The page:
Make no mistake, he does these things very well and they add to the film in many ways, but excessive. The story was originally about an average middle class man, but there is nothing average in this film.The real strength of the film are it’s leads, Colin Firth and Julianne Moore, and they are both are really wonderful.
Firth is more handsome than ever and his restrained performance will likely earn him numerous awards. Personally, I felt he was being directed to be overly maudlin and it didn’t feel authentic.
Like the book, In the last scene with the young student, George’s will to live is restored, but Ford takes the unnecessary step of actually having George die of a heart attack rather than go through the stream-of-conscious “what-if” approach that the book takes. And of course it is a spectacle. OH THE IRONY, THE TIMING! OH, PLEASE!
It was bad enough for him to be forlornly carting around a gun all day, but this was too much.
I thought the heart attack sequence diminished the film, reducing it to a melodramatic cliche.
Ford simply tried too hard. WAY to hard.
All the scenes where George is alone almost all the color is drained from the scene, then when there are flashbacks to his perfectly fit handsome young lover everything is saturated and bright and full of color. This happens all through the film.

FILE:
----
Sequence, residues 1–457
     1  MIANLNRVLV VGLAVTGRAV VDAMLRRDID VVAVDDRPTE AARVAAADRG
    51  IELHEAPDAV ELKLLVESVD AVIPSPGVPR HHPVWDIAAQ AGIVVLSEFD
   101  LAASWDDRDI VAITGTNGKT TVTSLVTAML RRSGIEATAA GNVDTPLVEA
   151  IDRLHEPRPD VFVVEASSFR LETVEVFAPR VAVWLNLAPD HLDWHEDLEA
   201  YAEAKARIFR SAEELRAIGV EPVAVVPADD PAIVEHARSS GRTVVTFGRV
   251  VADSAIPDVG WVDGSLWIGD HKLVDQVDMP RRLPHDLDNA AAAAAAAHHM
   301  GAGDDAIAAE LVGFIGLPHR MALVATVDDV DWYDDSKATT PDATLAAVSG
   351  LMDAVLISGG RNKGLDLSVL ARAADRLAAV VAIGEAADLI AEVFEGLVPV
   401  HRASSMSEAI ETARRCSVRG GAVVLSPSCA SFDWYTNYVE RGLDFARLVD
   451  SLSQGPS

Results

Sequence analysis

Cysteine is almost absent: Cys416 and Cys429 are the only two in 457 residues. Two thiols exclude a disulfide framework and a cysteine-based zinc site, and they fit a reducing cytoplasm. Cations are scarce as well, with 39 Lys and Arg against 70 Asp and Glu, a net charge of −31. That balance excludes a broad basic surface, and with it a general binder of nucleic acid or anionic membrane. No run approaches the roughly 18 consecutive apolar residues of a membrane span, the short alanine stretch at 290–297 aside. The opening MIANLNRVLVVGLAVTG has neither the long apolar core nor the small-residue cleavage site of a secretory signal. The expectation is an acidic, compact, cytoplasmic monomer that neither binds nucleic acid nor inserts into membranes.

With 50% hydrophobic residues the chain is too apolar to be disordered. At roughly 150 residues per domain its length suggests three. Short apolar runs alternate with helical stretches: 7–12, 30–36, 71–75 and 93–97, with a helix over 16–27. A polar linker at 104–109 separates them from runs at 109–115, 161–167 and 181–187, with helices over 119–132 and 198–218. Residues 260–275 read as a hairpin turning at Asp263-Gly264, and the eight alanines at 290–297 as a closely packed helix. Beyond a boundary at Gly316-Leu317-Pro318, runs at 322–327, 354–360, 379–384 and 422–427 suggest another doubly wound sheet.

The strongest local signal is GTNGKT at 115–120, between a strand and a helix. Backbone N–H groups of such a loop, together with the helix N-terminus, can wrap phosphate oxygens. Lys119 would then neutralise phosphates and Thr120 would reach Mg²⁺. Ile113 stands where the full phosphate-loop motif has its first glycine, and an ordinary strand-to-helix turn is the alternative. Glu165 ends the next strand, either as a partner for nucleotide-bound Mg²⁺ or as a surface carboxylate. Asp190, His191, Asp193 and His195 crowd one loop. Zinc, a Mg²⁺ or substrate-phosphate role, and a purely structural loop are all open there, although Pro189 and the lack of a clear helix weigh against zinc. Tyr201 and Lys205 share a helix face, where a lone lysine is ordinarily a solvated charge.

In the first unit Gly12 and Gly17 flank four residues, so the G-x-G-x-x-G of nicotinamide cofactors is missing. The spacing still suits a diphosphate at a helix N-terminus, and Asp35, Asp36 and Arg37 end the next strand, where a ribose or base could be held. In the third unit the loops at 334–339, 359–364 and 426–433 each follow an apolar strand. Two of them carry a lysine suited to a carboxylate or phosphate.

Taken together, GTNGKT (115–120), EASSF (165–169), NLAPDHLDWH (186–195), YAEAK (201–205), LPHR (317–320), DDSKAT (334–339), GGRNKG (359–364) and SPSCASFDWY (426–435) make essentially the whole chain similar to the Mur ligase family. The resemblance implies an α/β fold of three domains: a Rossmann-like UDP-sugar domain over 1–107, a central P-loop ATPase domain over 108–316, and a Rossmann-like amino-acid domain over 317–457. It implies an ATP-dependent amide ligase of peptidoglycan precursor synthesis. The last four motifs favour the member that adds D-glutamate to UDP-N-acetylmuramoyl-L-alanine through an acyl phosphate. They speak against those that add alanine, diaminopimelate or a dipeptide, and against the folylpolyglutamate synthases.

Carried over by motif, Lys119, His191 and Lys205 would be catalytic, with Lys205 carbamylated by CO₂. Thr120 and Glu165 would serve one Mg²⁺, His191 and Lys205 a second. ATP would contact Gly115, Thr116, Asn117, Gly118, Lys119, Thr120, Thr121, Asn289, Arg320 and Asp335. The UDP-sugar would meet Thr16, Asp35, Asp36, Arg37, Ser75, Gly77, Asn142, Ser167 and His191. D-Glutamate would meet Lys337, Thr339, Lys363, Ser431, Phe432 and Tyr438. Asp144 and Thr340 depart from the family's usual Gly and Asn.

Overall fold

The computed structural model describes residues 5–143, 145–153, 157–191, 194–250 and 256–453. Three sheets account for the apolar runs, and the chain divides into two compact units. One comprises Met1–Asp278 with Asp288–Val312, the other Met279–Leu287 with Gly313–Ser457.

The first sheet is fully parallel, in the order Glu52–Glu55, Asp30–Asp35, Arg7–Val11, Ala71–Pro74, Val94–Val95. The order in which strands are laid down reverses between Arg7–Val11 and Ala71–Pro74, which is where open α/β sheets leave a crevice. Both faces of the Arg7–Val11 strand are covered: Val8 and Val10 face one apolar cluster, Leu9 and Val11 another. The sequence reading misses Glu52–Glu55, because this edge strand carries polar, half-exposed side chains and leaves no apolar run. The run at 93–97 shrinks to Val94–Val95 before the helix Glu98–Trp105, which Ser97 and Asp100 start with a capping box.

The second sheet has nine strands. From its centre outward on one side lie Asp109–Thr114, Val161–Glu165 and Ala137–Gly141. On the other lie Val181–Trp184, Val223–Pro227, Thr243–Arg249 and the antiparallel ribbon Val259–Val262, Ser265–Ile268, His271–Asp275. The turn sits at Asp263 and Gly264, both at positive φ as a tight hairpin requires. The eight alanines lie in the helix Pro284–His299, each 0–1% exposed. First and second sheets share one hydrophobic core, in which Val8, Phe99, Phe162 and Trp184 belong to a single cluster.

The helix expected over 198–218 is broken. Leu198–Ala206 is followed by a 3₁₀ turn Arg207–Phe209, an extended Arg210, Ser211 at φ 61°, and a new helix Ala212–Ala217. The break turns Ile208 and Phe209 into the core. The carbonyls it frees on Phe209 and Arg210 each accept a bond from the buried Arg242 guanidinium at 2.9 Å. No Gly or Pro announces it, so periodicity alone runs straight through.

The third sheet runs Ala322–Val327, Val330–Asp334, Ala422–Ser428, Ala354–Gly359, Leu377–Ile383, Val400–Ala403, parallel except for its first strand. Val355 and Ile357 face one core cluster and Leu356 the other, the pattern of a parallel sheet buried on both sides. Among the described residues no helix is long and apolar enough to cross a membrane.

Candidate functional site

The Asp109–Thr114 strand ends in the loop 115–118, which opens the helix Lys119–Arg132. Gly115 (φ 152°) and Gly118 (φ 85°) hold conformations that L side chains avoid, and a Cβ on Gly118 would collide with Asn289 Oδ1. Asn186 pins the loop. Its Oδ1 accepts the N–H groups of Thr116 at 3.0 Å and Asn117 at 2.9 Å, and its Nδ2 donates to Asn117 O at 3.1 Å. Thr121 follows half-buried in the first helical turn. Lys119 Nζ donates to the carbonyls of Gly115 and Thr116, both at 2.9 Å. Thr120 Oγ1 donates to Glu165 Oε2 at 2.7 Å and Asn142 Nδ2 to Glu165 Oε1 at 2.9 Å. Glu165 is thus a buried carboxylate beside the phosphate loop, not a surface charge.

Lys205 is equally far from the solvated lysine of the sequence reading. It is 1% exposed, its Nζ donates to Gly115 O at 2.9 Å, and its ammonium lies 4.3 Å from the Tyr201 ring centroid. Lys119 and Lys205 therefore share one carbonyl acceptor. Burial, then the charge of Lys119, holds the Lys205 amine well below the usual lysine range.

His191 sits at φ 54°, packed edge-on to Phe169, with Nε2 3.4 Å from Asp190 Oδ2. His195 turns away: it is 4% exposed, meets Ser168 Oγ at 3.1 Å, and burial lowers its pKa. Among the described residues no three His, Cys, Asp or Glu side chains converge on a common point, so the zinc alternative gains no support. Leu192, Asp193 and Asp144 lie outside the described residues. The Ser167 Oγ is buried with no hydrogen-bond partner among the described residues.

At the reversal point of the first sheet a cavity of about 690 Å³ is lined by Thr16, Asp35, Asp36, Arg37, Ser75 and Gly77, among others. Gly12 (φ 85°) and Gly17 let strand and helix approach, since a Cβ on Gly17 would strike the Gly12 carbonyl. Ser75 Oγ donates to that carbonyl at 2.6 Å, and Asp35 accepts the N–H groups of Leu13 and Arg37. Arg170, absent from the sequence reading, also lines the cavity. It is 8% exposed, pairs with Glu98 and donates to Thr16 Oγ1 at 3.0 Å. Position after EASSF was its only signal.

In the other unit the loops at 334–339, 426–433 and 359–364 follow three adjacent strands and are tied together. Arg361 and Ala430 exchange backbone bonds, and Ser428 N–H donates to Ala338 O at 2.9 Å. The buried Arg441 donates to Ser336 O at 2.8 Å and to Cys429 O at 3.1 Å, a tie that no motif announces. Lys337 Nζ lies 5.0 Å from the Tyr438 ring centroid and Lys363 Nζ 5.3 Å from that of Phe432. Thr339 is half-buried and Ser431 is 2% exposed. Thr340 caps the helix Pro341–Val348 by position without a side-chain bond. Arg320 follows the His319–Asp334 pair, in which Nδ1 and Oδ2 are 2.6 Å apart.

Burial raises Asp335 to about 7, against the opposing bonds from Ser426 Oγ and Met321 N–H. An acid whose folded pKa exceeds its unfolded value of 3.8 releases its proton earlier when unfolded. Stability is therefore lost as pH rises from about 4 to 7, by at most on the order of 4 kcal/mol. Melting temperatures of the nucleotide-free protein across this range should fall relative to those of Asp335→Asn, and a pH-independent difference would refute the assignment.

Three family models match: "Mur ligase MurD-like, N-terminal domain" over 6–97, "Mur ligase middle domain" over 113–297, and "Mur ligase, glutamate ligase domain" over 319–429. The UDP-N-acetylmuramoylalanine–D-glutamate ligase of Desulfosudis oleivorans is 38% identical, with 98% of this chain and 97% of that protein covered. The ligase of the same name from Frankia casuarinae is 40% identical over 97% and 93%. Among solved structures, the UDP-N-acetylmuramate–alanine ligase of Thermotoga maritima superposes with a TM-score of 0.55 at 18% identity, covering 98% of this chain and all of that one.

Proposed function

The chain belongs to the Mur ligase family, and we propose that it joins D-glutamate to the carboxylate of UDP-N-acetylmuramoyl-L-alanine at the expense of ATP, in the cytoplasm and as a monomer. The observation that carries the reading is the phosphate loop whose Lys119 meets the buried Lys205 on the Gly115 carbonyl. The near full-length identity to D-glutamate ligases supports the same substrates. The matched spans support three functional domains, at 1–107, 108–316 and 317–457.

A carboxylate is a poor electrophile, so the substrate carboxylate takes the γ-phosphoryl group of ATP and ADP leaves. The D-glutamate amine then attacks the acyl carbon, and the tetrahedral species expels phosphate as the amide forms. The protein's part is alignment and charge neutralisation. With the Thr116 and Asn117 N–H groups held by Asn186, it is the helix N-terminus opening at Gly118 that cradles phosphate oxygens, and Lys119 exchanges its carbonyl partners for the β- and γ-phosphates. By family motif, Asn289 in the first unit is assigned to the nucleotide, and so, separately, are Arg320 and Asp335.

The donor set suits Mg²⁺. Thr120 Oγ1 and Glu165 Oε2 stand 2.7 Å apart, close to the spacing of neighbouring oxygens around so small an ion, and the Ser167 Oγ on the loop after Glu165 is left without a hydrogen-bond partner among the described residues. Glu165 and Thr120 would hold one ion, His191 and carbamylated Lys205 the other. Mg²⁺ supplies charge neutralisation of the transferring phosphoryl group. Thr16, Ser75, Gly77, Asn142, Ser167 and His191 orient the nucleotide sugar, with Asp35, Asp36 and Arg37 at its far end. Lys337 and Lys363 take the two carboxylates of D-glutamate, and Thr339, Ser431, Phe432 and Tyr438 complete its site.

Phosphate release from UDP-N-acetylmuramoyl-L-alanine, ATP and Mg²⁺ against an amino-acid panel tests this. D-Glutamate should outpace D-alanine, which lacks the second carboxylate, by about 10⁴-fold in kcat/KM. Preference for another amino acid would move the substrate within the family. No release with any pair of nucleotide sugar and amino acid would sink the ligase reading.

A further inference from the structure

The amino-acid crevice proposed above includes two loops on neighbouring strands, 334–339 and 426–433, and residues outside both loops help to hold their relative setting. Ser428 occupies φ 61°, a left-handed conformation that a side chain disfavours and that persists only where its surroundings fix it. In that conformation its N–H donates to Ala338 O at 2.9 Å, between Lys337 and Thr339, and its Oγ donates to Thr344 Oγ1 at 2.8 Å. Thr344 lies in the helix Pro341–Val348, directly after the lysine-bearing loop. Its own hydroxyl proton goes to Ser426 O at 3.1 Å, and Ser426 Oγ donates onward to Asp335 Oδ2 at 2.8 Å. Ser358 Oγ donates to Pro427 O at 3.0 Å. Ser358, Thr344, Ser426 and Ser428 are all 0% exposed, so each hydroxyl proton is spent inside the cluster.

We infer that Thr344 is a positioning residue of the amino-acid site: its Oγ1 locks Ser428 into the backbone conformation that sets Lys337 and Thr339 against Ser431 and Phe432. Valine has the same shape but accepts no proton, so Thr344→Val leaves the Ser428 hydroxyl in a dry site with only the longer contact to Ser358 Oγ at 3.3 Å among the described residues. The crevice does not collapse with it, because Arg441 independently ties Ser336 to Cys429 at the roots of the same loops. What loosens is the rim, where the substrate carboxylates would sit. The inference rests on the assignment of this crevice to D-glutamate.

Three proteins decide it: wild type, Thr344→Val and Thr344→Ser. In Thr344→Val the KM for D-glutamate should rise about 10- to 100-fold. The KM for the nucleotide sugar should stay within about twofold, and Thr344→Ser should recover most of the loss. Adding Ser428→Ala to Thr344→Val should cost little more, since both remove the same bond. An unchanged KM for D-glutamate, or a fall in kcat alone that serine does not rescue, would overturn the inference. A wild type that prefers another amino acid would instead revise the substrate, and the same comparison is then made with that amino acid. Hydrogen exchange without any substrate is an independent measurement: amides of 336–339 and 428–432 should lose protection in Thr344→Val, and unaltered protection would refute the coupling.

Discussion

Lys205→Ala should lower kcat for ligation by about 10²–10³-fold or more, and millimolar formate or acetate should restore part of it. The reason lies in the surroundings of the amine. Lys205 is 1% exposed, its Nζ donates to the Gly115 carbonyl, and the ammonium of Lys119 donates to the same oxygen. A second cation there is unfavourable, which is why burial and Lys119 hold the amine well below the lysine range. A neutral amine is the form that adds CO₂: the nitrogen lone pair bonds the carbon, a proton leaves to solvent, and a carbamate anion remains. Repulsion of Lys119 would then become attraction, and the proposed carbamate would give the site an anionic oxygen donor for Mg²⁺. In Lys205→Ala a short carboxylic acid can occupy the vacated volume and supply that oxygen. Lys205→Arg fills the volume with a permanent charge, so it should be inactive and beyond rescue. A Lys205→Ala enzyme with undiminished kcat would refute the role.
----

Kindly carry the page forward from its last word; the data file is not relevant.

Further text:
Emotionally everything is behind a wall of artifice, which is a shame. The characters feel distant, everything is played too precious and overly sentimental. Too many lingering pained expressions, too many PROFOUND comments, too many ironic incidents and lots of unbelievable behavior that is supposed to be every-day routine.
Almost nothing of his daily routine feels authentic. In the book this provided the momentum… in the film these details are reduced to flourishes of self pity.
If Ford had only art directed the film and someone more well seasoned was in the directors chair it could have been a masterpiece. He made a valiant effort.
It is beautiful to look at and is composed and acted lovingly. It really just needs a little dirty realism to ground it.